Speaking to a global online audience from BBC Television Centre, as part of Coventry University 'Is World Journalism in Crisis?' event, Paxman admitted he had made the wrong judgement call over evidence presented by Colin Powell in 2003, then US secretary of state.
"As far as I personally was concerned, there a came a point with the presentation of the so-called evidence, with the moment when Colin Powell sat down at the UN General Assembly and unveiled what he said was cast-iron evidence of things like mobile, biological, weapon facilities and the like," he said.
"When I saw all of that, I said 'we know that Colin Powell is an intelligent thoughtful man, and a sceptical man. If he believes this to be the case; he's seen the evidence, I haven't.
"Now that evidence turned out to be absolutely meaningless but we only discover that after the event. So I am perfectly open to the accusation that we were hoodwinked. Clearly we were."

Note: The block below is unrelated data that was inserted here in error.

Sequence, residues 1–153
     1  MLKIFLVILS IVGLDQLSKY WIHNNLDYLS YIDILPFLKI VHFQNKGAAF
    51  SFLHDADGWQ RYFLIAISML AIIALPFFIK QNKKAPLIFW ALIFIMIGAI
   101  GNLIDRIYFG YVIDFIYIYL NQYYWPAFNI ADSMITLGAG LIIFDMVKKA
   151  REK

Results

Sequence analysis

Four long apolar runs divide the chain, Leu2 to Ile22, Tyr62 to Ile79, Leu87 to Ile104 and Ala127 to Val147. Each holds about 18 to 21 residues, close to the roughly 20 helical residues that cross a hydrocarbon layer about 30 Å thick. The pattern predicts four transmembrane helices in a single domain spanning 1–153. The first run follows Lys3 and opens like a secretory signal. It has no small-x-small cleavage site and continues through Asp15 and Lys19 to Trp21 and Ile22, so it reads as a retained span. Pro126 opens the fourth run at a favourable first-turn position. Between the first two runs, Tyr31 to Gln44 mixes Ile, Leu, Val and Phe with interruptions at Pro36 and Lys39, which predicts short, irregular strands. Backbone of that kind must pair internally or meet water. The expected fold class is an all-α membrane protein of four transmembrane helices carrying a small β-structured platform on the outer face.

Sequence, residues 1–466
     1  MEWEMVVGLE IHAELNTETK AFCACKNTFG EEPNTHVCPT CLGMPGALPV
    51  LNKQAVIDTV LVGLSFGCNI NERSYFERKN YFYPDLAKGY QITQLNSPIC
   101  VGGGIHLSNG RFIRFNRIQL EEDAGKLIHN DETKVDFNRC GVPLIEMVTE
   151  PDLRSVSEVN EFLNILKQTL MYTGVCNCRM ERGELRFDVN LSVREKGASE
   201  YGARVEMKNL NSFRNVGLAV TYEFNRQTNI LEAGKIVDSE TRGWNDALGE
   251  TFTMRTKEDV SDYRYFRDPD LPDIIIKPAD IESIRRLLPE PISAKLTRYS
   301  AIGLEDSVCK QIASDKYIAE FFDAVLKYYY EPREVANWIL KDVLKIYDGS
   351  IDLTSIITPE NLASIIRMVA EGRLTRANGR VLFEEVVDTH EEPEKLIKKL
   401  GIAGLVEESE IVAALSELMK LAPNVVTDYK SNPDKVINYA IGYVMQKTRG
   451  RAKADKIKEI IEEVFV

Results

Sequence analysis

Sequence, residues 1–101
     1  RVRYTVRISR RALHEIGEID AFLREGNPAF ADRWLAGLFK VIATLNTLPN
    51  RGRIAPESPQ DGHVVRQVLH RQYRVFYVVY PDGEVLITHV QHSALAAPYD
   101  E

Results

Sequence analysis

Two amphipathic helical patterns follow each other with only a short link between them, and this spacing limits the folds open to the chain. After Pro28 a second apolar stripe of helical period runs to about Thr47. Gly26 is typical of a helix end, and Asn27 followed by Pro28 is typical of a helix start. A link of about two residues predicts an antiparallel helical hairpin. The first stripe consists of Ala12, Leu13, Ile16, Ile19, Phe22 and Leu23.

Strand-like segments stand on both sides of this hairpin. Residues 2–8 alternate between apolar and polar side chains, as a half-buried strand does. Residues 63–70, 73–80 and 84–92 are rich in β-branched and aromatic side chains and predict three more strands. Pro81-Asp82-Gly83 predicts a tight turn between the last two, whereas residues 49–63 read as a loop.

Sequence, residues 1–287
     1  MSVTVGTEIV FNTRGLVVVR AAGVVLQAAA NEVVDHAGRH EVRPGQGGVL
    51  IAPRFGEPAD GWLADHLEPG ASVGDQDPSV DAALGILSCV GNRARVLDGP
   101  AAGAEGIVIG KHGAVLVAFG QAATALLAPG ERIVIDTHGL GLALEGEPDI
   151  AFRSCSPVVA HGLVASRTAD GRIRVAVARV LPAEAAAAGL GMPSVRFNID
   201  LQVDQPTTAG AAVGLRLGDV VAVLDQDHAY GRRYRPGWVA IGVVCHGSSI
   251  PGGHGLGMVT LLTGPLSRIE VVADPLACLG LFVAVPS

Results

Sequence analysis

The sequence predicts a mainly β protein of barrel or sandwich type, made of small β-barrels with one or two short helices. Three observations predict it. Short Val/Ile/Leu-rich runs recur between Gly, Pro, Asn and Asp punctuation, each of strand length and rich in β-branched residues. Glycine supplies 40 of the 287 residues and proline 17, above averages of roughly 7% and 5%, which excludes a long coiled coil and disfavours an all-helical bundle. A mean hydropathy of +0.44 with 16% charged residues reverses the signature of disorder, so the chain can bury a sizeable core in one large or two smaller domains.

Addressing another question, Paxman pleaded journalists to 'cast a sceptical eye on what people with powerful vested interests tell them'.
So why had Paxman trusted Powell, if he urged journalists to be distrusting, asked Professor Richard Keeble, professor of journalism at Lincoln University. "Necessarily a source is someone you do trust," answered Paxman. "In the end, you've got to make a judgement."
The WMD episode would make him less trusting of the American Department of State in the CIA in future, he said:
"Next time I see a presentation from the American state department or the CIA about, I don't know, Iran's nuclear weapons programme, I shall look at it differently to the way I looked upon their presentation on the so-called presence of Weapons of Mass Destruction in Iraq.
"But at the time I did not have independent evidence, one merely had the assertion of a murderous dictator on one hand, and what appeared to be covertly gathered intelligence on the other.
"I and many others judged that wrong and we believed it - and clearly it didn't stack up in the events."